Share Email Print

Proceedings Paper

Laser optoacoustic tomography of layered tissues: signal processing
Format Member Price Non-Member Price
PDF $17.00 $21.00

Paper Abstract

Laser optoacoustic imaging experiments in biological tissues in vivo are presented along with the theoretical signal analysis procedure. The laser optoacoustic imaging system (LOIS) can operate in the reflection mode with emphasis on high z-axial (in-depth) resolution (up to 10 - 20 micrometers). Two examples of LOIS applications for non- invasive in vivo medical diagnostics are presented and discussed: (1) characterization of layered structure of port- wine stains, and (2) measurements of skin melanoma thickness. Potential miniaturization of LOIS for endoscopy applications is also discussed. The z-axial profiles of laser-induced pressure were shown to contain diagnostic information on location, dimensions and optical properties of tissue layers. Time-resolved signals detected by piezoelectric transducers were corrected for distortions such as diffraction and acoustic attenuation that occur upon pressure wave propagation in tissue. Wavelet transform applied to signals of laser- induced acoustic emission yielded high contrast pressure profiles with substantial signal-to-noise ratio.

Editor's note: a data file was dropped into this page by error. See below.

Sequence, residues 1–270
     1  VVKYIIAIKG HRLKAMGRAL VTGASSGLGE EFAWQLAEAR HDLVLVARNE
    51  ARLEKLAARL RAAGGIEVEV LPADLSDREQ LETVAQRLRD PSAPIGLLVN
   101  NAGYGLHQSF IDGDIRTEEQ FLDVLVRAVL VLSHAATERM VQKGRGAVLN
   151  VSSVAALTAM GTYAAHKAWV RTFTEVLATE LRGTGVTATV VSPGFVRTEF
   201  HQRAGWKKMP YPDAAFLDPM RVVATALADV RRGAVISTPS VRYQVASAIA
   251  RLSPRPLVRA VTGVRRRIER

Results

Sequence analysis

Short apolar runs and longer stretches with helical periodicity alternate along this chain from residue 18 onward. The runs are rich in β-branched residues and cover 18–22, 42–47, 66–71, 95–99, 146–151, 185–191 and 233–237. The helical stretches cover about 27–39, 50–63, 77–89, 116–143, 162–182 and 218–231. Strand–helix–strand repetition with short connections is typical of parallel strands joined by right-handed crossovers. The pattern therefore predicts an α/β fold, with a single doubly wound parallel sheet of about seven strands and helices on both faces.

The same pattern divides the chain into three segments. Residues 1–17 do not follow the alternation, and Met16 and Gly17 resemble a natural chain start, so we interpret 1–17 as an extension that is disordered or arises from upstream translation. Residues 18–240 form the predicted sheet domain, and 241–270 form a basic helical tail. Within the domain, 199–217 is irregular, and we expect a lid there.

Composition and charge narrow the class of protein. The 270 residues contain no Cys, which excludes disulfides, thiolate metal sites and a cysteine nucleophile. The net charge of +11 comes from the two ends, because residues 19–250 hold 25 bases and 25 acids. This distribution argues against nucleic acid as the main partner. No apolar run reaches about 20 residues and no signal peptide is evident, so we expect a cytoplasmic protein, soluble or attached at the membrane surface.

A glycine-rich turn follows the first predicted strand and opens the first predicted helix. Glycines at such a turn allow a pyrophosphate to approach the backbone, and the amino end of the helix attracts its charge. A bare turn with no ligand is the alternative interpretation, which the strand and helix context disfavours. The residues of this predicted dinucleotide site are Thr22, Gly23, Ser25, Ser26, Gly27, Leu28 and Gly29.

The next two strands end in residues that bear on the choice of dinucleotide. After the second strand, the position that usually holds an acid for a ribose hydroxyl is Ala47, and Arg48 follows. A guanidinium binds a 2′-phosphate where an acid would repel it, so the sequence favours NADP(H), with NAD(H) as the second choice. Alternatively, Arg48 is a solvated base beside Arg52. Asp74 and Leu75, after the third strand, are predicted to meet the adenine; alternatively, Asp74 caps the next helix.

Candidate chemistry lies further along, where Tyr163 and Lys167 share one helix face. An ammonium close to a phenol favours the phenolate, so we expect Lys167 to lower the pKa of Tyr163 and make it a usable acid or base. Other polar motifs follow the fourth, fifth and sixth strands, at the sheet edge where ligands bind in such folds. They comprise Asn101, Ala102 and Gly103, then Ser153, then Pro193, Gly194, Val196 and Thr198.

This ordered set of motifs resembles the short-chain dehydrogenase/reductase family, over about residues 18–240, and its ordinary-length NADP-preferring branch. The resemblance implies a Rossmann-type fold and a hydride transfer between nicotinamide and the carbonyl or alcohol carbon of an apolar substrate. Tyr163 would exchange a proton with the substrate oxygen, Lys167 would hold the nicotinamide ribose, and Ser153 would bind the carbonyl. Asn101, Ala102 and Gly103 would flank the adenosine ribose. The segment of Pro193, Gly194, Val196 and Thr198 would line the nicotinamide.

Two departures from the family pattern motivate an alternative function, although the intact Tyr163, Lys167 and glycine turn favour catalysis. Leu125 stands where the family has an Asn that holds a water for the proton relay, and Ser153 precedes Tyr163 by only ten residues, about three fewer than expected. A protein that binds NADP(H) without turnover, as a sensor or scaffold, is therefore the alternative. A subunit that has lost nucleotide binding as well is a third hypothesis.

Paper Details

Date Published: 18 August 1997
PDF: 12 pages
Proc. SPIE 2979, Optical Tomography and Spectroscopy of Tissue: Theory, Instrumentation, Model, and Human Studies II, (18 August 1997); doi: 10.1117/12.280297
Show Author Affiliations
Alexander A. Oraevsky, Rice Univ. (United States)
Rinat O. Esenaliev, Rice Univ. (United States)
Alexander A. Karabutov, Rice Univ. (United States)

Published in SPIE Proceedings Vol. 2979:
Optical Tomography and Spectroscopy of Tissue: Theory, Instrumentation, Model, and Human Studies II
Britton Chance; Robert R. Alfano, Editor(s)

© SPIE. Terms of Use
Back to Top
Sign in to read the full article
Create a free SPIE account to get access to
premium articles and original research
Forgot your username?